The big question is whether your solar panel and home consumption is sized exactly right to generate a spare 5 kWh every day, and then consume that 5 kWh every day.

  7. Agreed, solar is definitely moving forward with huge advancements in technology, and with the introduction of new organic fuel concepts – the future of solar is very bright. The only downside is the size and cost – however both of these issues will see solutions within the next 3-5 years, guaranteed. PV panels and AIO home hubs is where we should be focusing our efforts on!

  8. Has anyone taken into consideration the US Federal Tax Credit of 30% on the PowerWall on their calculations?

  9. . For me solar energy isn’t even about a break even point or cost savings, it’s about gathering electricity every day essentially, with no fuel or moving parts. A car is a big investment what with insurance, registration, inspections, car cost, gas, maintenance and so on. What return do we get from our car invstment in dollars and cents? Pretty much zero! With solar after the initial costs are made it just chugs along carefree. Not everything can be broken down in a return investment scenario. If that were the case most of us would never buy anything. Go solar and make electricity whenever photons are streaming about, works for me.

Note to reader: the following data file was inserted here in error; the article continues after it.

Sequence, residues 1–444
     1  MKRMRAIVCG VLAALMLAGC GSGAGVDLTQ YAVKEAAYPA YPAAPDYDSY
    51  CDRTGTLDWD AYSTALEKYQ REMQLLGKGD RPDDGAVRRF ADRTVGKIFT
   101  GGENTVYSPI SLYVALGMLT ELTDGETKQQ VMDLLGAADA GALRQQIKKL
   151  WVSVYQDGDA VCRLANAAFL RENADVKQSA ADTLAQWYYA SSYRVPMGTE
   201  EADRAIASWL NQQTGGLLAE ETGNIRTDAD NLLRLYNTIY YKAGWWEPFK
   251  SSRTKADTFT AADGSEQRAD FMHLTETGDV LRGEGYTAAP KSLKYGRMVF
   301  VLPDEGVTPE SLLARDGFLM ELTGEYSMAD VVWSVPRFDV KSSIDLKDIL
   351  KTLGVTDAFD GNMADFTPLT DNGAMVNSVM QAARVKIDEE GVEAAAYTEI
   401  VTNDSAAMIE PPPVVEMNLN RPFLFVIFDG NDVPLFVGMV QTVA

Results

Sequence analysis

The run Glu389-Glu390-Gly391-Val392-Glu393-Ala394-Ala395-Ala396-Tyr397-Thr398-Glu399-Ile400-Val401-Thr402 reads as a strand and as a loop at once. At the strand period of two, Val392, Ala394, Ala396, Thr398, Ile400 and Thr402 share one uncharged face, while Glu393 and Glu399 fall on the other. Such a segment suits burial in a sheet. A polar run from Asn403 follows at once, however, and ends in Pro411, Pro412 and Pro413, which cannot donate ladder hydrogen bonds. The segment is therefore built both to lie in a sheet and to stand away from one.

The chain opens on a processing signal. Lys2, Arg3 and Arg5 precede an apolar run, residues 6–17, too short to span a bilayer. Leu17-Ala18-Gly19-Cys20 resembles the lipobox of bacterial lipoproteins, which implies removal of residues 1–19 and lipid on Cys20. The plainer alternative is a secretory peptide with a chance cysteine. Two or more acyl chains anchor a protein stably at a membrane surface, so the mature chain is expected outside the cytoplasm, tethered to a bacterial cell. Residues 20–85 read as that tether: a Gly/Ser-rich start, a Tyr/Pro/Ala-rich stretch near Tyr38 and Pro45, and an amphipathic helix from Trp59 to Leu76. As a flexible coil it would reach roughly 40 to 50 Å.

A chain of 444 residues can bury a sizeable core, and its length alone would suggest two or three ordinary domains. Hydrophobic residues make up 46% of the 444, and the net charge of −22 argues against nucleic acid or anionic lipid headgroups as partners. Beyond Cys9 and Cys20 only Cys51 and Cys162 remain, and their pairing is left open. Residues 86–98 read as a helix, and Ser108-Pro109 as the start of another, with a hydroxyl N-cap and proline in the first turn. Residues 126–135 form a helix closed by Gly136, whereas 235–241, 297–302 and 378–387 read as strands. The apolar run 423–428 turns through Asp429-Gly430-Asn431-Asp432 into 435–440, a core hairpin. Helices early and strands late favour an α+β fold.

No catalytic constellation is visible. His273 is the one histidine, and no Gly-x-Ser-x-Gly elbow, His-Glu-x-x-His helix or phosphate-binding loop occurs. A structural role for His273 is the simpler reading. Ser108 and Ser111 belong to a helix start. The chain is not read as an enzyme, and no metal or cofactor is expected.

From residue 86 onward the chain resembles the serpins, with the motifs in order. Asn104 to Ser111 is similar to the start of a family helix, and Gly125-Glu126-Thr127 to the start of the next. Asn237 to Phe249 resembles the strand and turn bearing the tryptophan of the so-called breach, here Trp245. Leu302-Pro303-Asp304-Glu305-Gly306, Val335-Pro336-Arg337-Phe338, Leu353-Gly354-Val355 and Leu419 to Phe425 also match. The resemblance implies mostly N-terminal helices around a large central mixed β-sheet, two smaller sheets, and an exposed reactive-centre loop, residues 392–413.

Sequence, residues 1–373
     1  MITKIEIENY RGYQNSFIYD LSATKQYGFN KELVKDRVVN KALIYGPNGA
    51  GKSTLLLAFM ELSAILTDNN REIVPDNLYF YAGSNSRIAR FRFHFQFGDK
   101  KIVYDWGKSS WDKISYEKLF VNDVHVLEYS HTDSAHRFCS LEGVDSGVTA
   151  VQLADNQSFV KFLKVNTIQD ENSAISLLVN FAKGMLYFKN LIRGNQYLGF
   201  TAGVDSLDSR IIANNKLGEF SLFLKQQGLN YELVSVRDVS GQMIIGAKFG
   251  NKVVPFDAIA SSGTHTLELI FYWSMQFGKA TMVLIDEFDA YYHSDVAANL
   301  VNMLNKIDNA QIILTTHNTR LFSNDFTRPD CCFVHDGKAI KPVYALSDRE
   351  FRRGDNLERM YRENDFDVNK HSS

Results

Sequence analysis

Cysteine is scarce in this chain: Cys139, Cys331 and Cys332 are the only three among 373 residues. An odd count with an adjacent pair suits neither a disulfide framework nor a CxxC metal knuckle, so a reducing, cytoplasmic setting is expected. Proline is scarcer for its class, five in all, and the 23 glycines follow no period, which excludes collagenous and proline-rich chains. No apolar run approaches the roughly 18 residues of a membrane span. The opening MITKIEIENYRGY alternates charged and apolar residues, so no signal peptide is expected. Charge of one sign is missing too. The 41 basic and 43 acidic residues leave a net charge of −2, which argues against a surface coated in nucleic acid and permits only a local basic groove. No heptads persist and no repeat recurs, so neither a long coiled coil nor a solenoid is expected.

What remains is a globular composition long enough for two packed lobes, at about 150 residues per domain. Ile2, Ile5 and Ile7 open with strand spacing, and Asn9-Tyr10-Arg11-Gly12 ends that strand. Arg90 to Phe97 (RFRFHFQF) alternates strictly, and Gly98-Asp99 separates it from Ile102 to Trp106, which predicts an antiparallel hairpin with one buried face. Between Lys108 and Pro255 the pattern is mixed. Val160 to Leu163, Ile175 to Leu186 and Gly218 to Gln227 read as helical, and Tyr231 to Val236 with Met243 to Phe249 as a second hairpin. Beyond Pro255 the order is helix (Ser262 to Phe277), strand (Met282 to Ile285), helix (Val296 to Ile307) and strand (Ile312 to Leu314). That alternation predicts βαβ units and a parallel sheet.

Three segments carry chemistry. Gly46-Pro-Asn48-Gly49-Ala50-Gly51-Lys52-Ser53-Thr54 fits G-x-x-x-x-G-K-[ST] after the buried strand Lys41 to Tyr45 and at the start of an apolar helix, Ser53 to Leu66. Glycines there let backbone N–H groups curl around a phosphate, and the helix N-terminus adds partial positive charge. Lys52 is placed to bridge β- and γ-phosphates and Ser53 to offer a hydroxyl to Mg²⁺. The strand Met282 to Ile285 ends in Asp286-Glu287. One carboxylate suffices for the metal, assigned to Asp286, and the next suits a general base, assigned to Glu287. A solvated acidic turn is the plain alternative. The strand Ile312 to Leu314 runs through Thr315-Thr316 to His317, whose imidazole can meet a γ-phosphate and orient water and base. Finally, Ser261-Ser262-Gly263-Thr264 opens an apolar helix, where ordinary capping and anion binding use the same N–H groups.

10. Some interesting comments by Elon Musk at the recent Tesla AGM:

    Musk continued. “And I am very happy to announce that we’ve dramatically increased the power capability of the Powerwall…[so we’ve] basically more than doubled the power output of the Powerpack and the price is going to stay the same,” he said.

    With that increased capacity, “you should, in a single 10 kilowatt hour pack with a peak power capability of 7 kilowatts, be able to [power] everything in your house except air conditioning on that circuit,” he said.